It's been 16 days since I responded to public notification of DNS problems in Thoughts on Latest Kaminsky DNS Issue, and 4 days since Halvar Flake's post On Dan's request for "no speculation please". Apparently the tubes are still working, since I presume you're reading this post via the Internet and not carrier pigeon. It's still been a remarkable period, characterized by the acronymn in the title of this post.
I'm not referring to the TARDIS of Doctor Who, although centrality of "Time" is the reason I used the TARDIS theme. I mean Time and Relative Data in Security. Time and Relative Data were the key issues in the DNS issue. Who knew more about the problem, and when? Halvar understood this in his post, when he estimated that a savvy attacker would need 1/4 the time of a normal security person to understand the nature of the DNS problem, given the same starting point.
Since Halvar's speculation, Matasano's confirmation, Metasploit's weaponization, and Dan's elaboration, there's been a flurry of offensive and defensive activity. It reminds me somewhat of Y2k: am I still able to use the Internet because DNS administrators have been patching, or are not enough bad guys trying to bother me? It would be nice to see some academics query whatever data (hint) they can find on recent DNS activity to produce some practical research, rather than trying to decipher five year old worm data or yet another port scan. According to this Arbor Networks Blog post by Jose Nazario, his group might have some data to share soon.
I'd like to highlight some of my favorite thoughts from the past few days. I liked FX's post Perception of Vulnerabilities:
The Kaminsky DNS attack is definitively regarded as the most important vulnerability this year. This, I find highly interesting , as we have seen two other gigantic security failures already in 2008. Debian's NRNG (non-random number generator) is most certainly one of them. But honestly, raise your hands if you have even noticed SNMPv3... SNMPv3 is used to manage routers - the routers that forward all your traffic around the world, including your DNS queries. Managing a router means being able to configure it; a.k.a. super user access. Attackers who can configure a router in your path can redirect everything, without you knowing, not just traffic that relies on name resolution.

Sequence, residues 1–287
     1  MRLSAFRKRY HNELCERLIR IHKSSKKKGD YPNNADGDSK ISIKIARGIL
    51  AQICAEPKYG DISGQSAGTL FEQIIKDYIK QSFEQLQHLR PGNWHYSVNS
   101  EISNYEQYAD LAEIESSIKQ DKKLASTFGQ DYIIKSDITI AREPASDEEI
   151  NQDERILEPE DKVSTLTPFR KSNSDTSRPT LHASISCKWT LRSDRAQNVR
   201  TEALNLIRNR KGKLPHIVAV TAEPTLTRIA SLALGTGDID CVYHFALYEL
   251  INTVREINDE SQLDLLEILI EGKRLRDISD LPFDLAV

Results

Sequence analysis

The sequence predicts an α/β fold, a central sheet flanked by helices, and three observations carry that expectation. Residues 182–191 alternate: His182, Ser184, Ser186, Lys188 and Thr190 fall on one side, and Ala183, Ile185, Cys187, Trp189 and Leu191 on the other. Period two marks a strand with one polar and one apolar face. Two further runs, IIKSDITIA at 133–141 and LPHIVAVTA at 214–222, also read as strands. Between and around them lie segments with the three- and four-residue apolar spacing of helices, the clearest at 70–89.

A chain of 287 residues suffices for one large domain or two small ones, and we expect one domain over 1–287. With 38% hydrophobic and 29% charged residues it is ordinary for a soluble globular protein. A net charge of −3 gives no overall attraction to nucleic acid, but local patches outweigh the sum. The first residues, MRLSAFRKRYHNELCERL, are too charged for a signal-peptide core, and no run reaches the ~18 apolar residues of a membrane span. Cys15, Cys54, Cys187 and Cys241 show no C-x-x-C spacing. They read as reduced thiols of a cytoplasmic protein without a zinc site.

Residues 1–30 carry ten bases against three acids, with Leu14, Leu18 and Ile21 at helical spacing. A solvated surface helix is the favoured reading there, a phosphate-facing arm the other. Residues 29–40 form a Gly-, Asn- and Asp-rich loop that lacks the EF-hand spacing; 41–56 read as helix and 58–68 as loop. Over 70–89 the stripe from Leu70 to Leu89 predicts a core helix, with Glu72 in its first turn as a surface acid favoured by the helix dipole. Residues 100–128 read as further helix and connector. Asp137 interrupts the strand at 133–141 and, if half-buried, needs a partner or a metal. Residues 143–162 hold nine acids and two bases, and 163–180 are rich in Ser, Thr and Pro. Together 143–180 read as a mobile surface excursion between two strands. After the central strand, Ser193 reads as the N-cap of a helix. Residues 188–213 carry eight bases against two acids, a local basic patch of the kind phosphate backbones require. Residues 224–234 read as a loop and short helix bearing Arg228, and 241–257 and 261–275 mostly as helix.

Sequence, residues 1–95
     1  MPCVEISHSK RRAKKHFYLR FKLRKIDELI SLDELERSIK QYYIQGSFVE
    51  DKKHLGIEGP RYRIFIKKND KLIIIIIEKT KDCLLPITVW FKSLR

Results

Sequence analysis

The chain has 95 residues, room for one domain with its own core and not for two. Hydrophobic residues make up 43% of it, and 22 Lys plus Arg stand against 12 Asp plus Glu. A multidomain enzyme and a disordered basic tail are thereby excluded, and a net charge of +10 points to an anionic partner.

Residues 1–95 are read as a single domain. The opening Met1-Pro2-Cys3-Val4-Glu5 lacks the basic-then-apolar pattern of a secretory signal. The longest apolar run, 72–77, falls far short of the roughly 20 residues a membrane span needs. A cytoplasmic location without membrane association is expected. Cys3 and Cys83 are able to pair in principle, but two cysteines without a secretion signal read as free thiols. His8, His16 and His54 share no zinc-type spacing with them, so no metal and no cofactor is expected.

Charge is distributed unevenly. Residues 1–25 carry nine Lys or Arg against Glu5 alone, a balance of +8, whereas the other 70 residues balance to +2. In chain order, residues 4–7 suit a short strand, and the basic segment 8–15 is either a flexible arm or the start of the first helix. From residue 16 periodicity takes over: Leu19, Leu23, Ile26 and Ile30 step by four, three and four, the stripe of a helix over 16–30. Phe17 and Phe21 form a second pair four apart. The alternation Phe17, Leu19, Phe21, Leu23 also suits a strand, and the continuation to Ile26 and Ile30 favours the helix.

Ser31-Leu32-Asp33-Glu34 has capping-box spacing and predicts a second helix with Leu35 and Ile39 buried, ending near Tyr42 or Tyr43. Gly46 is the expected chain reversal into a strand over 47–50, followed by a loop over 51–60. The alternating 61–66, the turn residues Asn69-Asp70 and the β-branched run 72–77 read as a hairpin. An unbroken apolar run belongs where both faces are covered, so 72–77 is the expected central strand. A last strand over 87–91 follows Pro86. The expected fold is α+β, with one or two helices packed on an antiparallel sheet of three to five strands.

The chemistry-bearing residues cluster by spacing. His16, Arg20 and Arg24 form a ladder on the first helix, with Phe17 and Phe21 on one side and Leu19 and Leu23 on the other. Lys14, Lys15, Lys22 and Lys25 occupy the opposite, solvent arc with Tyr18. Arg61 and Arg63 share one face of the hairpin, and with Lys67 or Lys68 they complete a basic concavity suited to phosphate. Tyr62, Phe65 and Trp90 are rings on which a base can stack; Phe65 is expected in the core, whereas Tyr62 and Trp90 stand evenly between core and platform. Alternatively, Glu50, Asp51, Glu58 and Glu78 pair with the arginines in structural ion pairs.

The weaponization discussion has been great. On one side are people like Hoff and Rich Mogull, who believe the Metasploit team was wrong to weaponize the exploit. I place myself on the other side. I agree with a lot of Andre Gironda's argument in comments on Rich Mogull's post. I think it's important to be able to test if your DNS implementation is vulnerable, as noted by Ron Gula in But I patched our DNS servers ....
With the growing importance of the cloud, and the customer's increasingly reliance on software he/she doesn't control, are we to be satisifed with promises of applied patches, or even the effectiveness of said patches? If you always believe your vendor (i.e., you're naive), answer yes. If you trust but verify, answer no -- and start testing. Metasploit (exercised via a pre-existing, contractual agreement that permits such customer testing) is one way to see if your vendor really is as safe as it claims to be.
People who care about reality -- facts on the ground -- care about testing. Such people also care about monitoring. Prior to Halvar's speculation, probably the best place to try to figure out how to detect what "might" be coming was the Daily Dave mailing list. Since Halvar's post, there's been a lot of monitoring discussions on Emerging-Threats. Monitoring types have been trying to work around implementation challenges in popular tools like Snort, with alternatives like Bro getting more attention. Some historical articles on DNS intracies have helped people understand DNS better, now that we know exactly what to observe.
I believe the actions of the past week have been for the better. Sure, the bad guys have a tool now, but as Druid noted in the Metasplot blog:
I was personally aware of multiple exploits in various levels of development before, during, and after HD and I wrote ours, so we felt at this point publishing working exploit code was fair game.
Poke around for five minutes and you'll find other implementations of exploit code beyond Metasploit anyway, never mind the private ones.
Public speculation followed by weaponization has elevated the issue for those who had to produce "proof" in order to justify patching, as well as helping level the knowledge field. Those of you who object have got to understand this point: real bad guys always win in the Time and Relative Data arena. Their paid job is to find ways to exploit targets. They have the time and knowledge to identify vulnerabilities in DNS regardless of what Dan Kaminsky says or doesn't say. I know whole teams of people who avoid the most elite public conferences because they don't learn anything new.
Defensive-minded security person -- how do you spend your time? Are you like me, balancing operations, planning, meetings, family, and so on, across thousands of systems, with hundreds of classes of vulnerabilities, and nowhere near enough time or resources to mitigate them? Do you know as much about the latest attacks and defenses as the people who discover and exploit them, for a living? Probably not.
Even assuming such adversaries do not know about the DNS problem prior to Dan's disclosure, as soon as they acquire the scent that problems exist (and especially if patches are released), they point their collective noses at the newest victim and tear into it. Halvar's N/4 estimate was very conservative, although he recognized real bad guys probably work a lot faster than that.
I think Dave Aitel put it best:
The motto of the week is that you can't hint at bugs or people will just find them. Either full disclosure or no-disclosure wins, because there's no point doing anything else.